Parties and other unfamiliar or crowded venues, such as the mall, movies, amusement parks, and live performances, are often especially threatening to children with Sensory Processing challenges or autism who thrive on routine and predictability. With forethought and advanced planning, you and your child will be able to enjoy this party-packed season.
Prepare, prepare, prepare
1. Tell your child in advance where the party will be, who will be there, and what activities the party will include.
2. Let your child know what particularly fun activities he/she can look forward to and what might make him/her uncomfortable.
3. Acknowledge, empathize and discuss the things about parties that are hard for your child. For example, “It really bothers me when music is so loud...What about you think about loud music?...Let's think of what we can do so our ears feel happy.....Great idea, let's take our headphones, (or lets sing the loudest, or cover our ears, or hang out in another room until the music quiets down, or leave before the cake)."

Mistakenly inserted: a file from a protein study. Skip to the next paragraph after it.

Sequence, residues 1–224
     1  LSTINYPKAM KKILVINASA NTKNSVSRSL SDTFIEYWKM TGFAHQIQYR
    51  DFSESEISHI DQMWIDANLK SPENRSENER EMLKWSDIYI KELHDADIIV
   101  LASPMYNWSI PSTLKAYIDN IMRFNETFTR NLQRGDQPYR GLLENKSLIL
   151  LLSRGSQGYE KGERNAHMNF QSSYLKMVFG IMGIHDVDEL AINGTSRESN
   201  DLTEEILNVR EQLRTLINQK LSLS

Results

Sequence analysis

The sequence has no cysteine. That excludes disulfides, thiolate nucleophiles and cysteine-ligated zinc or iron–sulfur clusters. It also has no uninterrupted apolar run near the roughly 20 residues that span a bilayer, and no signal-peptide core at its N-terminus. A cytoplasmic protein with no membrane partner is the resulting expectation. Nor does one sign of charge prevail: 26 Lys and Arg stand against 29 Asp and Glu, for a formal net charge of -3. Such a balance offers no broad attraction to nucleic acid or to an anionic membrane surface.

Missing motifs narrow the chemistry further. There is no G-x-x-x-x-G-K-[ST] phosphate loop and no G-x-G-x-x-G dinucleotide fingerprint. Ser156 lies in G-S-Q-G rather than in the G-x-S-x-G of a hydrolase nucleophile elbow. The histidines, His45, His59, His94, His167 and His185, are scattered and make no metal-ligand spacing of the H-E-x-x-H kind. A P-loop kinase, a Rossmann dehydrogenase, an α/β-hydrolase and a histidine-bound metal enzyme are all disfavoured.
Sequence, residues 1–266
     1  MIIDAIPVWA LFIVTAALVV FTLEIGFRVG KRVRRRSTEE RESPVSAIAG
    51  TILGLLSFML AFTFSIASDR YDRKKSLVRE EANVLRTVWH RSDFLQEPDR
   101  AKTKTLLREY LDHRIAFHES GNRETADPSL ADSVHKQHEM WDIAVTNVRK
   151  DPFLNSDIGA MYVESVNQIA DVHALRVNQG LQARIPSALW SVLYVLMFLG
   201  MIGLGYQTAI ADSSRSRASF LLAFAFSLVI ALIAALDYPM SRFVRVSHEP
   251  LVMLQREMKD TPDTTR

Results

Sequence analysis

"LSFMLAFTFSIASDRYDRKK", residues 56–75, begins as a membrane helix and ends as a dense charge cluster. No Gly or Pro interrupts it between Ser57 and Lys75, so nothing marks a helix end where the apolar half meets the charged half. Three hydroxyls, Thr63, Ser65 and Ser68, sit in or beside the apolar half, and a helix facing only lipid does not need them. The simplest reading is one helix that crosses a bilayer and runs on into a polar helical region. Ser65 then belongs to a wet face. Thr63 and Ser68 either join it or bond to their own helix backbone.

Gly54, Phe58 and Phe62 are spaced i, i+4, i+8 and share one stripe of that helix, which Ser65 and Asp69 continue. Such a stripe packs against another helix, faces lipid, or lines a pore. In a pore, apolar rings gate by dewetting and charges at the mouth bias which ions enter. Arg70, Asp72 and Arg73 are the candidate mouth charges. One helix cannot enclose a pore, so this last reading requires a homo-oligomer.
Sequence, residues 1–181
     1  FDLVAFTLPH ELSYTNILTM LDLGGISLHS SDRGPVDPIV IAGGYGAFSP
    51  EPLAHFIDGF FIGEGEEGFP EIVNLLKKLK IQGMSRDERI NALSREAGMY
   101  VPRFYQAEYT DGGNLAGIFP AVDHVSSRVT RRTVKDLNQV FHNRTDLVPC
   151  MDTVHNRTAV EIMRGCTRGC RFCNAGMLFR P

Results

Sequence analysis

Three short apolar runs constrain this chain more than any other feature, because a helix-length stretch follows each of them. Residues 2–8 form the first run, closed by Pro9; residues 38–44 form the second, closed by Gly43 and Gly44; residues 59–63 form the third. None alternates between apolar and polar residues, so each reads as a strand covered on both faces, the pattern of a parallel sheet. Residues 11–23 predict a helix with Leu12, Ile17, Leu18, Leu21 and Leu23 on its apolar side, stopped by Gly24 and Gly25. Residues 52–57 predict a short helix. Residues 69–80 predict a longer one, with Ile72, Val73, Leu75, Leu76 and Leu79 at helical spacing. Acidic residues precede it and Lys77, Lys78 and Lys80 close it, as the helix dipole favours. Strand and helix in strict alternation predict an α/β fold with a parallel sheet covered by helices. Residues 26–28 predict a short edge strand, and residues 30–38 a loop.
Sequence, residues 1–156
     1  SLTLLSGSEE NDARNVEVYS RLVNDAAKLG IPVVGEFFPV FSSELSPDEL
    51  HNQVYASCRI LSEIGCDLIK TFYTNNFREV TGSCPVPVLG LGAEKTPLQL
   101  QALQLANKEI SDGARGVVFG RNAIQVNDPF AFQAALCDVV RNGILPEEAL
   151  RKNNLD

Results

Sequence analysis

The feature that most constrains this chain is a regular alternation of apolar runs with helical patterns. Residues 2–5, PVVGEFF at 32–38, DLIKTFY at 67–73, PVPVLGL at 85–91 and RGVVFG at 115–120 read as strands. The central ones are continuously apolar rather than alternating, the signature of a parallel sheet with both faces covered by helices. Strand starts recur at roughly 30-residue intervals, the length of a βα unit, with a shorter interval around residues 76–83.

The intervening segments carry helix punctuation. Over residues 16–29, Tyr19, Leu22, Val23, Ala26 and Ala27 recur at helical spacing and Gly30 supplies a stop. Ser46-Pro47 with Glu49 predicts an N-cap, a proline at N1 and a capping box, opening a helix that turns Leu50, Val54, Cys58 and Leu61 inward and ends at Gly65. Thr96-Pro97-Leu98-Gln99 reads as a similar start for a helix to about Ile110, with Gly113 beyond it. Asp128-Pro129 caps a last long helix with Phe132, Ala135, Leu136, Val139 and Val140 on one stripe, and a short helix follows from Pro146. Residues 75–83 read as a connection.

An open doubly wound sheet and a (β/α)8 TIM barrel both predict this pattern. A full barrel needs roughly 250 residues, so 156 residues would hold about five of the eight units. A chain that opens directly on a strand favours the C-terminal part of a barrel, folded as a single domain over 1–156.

4. Write and illustrate a social skills story with your child so that you can review the "story" over and over again so he/she is prepared.
5. Arrive at the party early to scope it out, when there are fewer people and less commotion.
6. As soon as you get there help your child pick a “safe spot” where he/she is encouraged to go if he/she needs a break from sensory overload. Ideally, find a place that your child can "participate" from long distance, and at least see what's going on.
7. Let your child know if there will be costumed people or clowns, and demystify them. If your child is scared, practice doing dress-up activities, playing clown, Pilgrim or Santa, and reading books about clowns geared to your child’s developmental level.
8. Set reasonable expectations for the amount of time you can spend at a party. You may be better off spending a successful hour and leaving on a high note rather than staying for an unsuccessful two hours.
9. Acknowledge to yourself in advance that you may have to spend more time helping your child acclimate than other parents. That is okay, because handled wisely, your child’s abilities will grow, and you will be able to spend more time with your friends the next time around.
Written by Aviva Goldwasser, MA, OTR and Chaye Lamm Warburg, DPS, OTR